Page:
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Thursday, Jul 24, 2014

Cars with push-button starts seem to have built-in protection for starter

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Dear Tom and Ray:

I have a push-button start on my car. When I start the car, I have found that you just need to push the button and let it go, and the car starts. However, my husband insists on keeping the button pushed in until the car actually starts. I say that this is like “grinding the starter” and will eventually cause a problem. I’m tired of nagging him.

Is he causing damage to my car? We never keep our cars for more than five to six years, so if you tell me it will take much longer than this to actually cause a problem, I will shut up (not!). — Barbara

RAY: It’s a good question, Barbara. We don’t know the answer in every case, but we do have some data to report.

TOM: We took a couple of the push-button-start-equipped cars that the manufacturers were kind enough to let us test-drive for review, and went out to see if we could burn out the starters!

RAY: We held the start button down for varying lengths of time, and it made no difference whatsoever. When you pushed the start button, the starter would crank for a second or two, until the engine caught, and then it would stop cranking — no matter how long you held your finger on the button.

TOM: My guess is that all, or certainly most, cars with a push-button ignition work this way. We can tell you from experience that VWs and Lexuses do.

RAY: By the way, I’m sure both manufacturers are happy to learn that the starters on the cars they loaned us are still intact!

TOM: And Barbara, you’ll be happy to learn that your husband is not doing any harm to your car.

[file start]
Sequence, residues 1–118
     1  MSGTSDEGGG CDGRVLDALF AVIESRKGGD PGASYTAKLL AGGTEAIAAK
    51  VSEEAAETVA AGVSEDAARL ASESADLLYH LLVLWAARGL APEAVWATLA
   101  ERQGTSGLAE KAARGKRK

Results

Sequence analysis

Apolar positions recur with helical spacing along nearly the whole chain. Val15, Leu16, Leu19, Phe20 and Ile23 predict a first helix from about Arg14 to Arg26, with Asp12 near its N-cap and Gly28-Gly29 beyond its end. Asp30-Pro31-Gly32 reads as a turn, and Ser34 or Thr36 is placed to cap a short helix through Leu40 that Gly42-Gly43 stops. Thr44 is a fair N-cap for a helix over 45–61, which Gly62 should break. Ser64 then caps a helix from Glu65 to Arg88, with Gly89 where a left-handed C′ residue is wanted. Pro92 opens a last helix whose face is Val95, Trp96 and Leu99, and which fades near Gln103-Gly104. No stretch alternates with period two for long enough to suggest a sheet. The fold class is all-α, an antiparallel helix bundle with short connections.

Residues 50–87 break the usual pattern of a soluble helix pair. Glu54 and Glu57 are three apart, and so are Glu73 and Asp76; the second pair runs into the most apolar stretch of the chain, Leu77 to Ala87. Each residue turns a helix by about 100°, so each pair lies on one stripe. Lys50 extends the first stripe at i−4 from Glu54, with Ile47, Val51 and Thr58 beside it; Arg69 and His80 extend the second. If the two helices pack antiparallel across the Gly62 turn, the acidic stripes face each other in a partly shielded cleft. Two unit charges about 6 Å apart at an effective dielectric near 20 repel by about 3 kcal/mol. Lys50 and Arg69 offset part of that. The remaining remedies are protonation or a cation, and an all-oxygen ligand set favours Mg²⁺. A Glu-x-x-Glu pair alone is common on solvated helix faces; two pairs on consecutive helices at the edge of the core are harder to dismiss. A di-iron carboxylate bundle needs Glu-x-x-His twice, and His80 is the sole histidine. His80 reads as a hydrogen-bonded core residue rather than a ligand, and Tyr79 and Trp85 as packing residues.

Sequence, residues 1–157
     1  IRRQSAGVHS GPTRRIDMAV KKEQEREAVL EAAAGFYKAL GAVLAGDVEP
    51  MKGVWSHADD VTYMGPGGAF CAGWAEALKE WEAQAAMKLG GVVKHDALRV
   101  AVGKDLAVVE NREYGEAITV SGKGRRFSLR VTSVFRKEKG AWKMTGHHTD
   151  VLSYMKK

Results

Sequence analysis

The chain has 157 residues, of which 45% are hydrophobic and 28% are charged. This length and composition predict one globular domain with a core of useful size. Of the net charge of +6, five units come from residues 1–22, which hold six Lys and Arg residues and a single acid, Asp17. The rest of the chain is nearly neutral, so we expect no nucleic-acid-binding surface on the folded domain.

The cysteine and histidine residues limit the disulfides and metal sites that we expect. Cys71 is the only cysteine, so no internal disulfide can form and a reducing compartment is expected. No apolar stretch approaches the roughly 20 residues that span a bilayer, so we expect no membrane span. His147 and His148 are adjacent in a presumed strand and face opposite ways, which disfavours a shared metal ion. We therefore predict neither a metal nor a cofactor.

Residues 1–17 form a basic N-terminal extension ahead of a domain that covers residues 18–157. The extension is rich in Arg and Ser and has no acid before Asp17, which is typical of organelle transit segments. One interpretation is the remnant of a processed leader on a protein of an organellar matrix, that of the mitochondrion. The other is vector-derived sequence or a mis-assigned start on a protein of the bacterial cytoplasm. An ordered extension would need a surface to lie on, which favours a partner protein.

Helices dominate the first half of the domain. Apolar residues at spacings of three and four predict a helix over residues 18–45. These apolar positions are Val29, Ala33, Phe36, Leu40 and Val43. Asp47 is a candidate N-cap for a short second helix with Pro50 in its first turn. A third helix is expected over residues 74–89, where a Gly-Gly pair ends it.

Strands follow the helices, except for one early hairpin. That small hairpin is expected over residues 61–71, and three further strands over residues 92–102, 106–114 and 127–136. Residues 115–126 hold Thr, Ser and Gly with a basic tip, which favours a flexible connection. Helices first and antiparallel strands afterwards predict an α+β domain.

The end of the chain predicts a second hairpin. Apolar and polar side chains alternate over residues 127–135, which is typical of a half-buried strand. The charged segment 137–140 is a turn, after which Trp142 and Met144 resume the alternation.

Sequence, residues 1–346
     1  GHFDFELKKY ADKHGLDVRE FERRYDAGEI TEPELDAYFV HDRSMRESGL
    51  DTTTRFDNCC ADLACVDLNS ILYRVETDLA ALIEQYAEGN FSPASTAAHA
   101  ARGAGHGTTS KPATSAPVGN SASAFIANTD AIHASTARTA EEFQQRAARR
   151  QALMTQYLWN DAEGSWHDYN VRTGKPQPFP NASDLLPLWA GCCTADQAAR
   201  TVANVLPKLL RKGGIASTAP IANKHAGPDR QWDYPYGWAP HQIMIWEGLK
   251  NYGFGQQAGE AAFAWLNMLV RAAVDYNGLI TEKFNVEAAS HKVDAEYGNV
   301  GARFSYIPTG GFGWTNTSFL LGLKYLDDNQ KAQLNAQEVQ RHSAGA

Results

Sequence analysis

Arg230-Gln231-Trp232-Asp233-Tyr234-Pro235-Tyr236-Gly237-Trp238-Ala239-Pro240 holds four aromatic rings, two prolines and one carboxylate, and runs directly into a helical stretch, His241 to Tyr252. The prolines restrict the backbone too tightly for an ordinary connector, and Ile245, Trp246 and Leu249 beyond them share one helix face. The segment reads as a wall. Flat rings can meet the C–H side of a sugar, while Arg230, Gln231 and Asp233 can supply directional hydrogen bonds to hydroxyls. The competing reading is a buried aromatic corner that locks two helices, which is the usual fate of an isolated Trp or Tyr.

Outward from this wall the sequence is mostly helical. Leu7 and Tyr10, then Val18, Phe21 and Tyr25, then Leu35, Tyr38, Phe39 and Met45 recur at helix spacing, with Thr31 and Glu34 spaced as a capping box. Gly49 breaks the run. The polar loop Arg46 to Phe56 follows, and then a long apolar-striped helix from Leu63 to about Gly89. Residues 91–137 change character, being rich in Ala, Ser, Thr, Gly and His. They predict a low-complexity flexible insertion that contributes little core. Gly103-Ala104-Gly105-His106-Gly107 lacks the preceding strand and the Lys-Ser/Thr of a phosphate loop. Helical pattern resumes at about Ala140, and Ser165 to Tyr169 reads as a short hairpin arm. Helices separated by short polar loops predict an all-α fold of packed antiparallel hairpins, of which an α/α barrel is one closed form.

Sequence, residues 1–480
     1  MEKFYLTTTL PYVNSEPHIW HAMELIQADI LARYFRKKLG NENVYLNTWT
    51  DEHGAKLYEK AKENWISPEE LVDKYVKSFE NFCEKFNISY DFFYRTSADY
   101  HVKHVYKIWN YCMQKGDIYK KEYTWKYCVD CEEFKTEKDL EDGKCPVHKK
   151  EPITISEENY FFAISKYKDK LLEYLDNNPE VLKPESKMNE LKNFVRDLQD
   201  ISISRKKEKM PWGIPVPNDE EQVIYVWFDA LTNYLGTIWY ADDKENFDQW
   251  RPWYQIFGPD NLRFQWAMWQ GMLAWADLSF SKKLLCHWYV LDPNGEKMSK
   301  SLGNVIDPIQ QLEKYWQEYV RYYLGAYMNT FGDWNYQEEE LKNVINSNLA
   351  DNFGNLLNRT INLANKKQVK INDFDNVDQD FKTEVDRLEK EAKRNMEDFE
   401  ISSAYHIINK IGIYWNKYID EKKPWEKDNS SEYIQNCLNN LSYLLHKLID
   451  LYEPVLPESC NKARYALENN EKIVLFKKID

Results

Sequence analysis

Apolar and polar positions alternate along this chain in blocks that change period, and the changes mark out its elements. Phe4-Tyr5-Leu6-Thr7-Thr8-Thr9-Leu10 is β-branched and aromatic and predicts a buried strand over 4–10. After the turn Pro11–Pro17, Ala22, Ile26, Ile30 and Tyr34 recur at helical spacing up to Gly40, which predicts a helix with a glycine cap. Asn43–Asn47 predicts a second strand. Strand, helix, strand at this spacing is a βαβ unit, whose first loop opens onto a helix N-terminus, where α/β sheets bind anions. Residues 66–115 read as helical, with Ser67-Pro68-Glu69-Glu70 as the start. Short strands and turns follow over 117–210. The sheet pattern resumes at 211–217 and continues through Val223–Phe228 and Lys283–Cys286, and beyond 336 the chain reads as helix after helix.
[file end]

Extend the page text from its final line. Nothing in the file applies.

RAY: Or maybe you won’t be happy to learn that, because then you have to stop nagging him about it. On the other hand, I’m sure you can get on him for those unsightly fingerprints he’s always leaving on your starter button.

In their pamphlet “Should I Buy, Lease or Steal My Next Car?” Tom and Ray break down the strategies for buying a car, so you can make the most of your money. Send $4.75 (check or money order) to Next Car, P.O. Box 536475, Orlando, FL 32853-6475.

Don’t get stuck with a lemon. Be an informed shopper. Read Tom and Ray’s guide “How to Buy a Great Used Car: Secrets Only Your Mechanic Knows.” Send $4.75 (check or money order) to Used Car, P.O. Box 536475, Orlando, FL 32853-6475.

You can listen to Tom and Ray Magliozzi’s “Car Talk” program at 10 a.m. Saturdays on National Public Radio station WUSF, 89.7 FM.

Got a question about cars? E-mail Click and Clack by visiting the Car Talk website at www.cartalk.com. They can’t answer your letter personally but will run the best letters in the column.

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